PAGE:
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Fauconier v. Clarke

United States District Court, W.D. Virginia, Roanoke Division

June 28, 2017

DOUGLAS FAUCONIER, Plaintiff,
v.
HAROLD CLARKE, et al., Defendants.

          MEMORANDUM OPINION

          Hon. Glen E. Conrad Chief United States District Judge.

         Douglas Fauconier, a prisoner proceeding pro se, commenced this civil action pursuant to 42 U.S.C. § 1983 against four defendants in their individual and official capacities: Harold Clarke, Director of the Virginia Department of Corrections ("VDOC"); David Robinson, Chief of Corrections Operations at Augusta Correctional Center ("ACC"); John A. Woodson, Warden at ACC; and T. McDougald, member of the Publication Review Committee ("PRC"). Fauconier asserts that defendants are violating his First, Fifth, and Fourteenth Amendment rights guaranteed by the United States Constitution because VDOC Operating Procedure No. 803.2 ("OP 803.2") prohibits him from purchasing or possessing magazines with nude photographs. He seeks injunctive relief and monetary damages. The matter is currently before the court on defendants' motion for summary judgment. For the reasons stated below, the court will grant the defendants' motion.

         Background

         VDOC OP 803.2 relates to publications received by prison inmates. The regulation was updated in 2015, and the revised version prohibits inmates "from receiving publications that contain nudity, promote violence, disorder, or the violation of state or federal law; or any material containing sexually explicit acts, including child pornography or sexual acts in violation of state or federal law." VDOC OP 803.2, Docket No. 33-1. "[O]ffenders are not permitted to send, receive or possess material that emphasizes explicit or graphic depictions or descriptions of sexual acts or contains nudity as defined in this operating procedure." Id. § IV(B). "Nudity" is defined as "[t]he showing (human or cartoon) of the male or female genitals, pubic area, female breast with less than a fully opaque covering of the areola, or male or female buttocks with less than a full opaque covering of the anus." Id. § III. However, publications that contain nudity "illustrative of medical, educational, or anthropological content may be acceptable." Id. § IV(H).

         The VDOC implements the regulation in the following manner. When an inmate requests a publication, the Facility Unit Head determines whether the requested publication has already been reviewed and disapproved by the PRC. See id § IV(D). If the publication has already been reviewed and disapproved, the Facility Unit Head informs the offender of such disapproval. Id., The offender may then appeal the PRC's determination. See id § IV(F). If the publication has not been reviewed by the PRC, the Facility Unit Head makes a case-by-case determination as to whether to approve or disapprove the publication in accordance with standards set forth in OP 803.2. See id § IV(D). If the Facility Unit Head disapproves the publication, he or she submits the publication to the PRC for review. See id If the PRC disapproves the publication, the offender may appeal this determination. If the PRC approves the publication, the publication is sent to the offender. Id. § IV(E).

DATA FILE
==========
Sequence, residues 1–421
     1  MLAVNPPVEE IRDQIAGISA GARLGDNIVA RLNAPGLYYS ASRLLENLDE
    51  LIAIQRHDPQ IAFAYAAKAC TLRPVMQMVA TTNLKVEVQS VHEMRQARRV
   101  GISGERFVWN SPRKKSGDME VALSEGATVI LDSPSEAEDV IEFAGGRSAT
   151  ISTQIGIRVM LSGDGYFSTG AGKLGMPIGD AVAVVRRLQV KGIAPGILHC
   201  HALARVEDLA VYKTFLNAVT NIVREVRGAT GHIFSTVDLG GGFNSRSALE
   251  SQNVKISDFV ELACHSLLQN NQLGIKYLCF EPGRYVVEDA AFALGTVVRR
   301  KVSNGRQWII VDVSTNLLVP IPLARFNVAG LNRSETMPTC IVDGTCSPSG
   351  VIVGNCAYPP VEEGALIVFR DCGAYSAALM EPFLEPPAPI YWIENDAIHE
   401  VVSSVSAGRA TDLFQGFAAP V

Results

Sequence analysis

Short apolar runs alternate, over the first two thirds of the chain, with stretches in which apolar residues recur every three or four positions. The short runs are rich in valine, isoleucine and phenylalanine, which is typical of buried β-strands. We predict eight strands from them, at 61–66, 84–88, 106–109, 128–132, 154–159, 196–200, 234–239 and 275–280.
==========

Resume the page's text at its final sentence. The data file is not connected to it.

On March 6, 2015, defendant Robinson issued a memorandum to all VDOC facilities, detailing the new standards and procedures. See Mem. to Facility Unit Heads, Docket No. 33-1. The new prohibition was implemented in phases so that, prior to July 1, 2015, offenders were still permitted to receive orders already placed and cancel existing subscriptions. Id. From July 1 to October 1, 2015, offenders were afforded the opportunity to dispose of any publications that violated VDOC 803.2. After October 1, 2015, publications containing nudity would be considered contraband and would be subject to confiscation. Id.

         Defendants have presented evidence demonstrating that the decision to eliminate all publications and commercial photographs that contain nudity arose out of the detrimental effect such materials have on VDOC's public safety mission. See Aff. of Robinson ¶ 6, Docket No. 33-1. Defendants also contend that an inmate's possession and exchange of nude photographs can lead to stealing, fights, assaults, gambling, and other disruptive activities that threaten institutional security. Id. Prior to implementing the revised OP 803.2, the VDOC deliberated for about seven years on how best to address publications containing nudity. Id. ¶ 7.

         Fauconier alleges that OP 803.2 prevented him from enjoying his subscription to Playboy magazine. Compl. ¶ 37. He claims that, pursuant to OP 803.2, defendants have intercepted and confiscated six issues of the magazine. Id. ¶ 38. Plaintiff also complains that from October 2015 through April 2016 defendant Woodson and members of the PRC prevented Fauconier from receiving the October 2015 issue of Esquire magazine. Id. ¶ 39. The Esquire issue contains a cartoon depicting nudity. Fauconier appealed the decisions relating to both the Playboy magazines and the Esquire magazine. See Id. ¶ 18-31. On April 4, 2016, he received a copy of the October 2015 issue of Esquire as a result of his appeal. Id. ¶¶ 31, 53.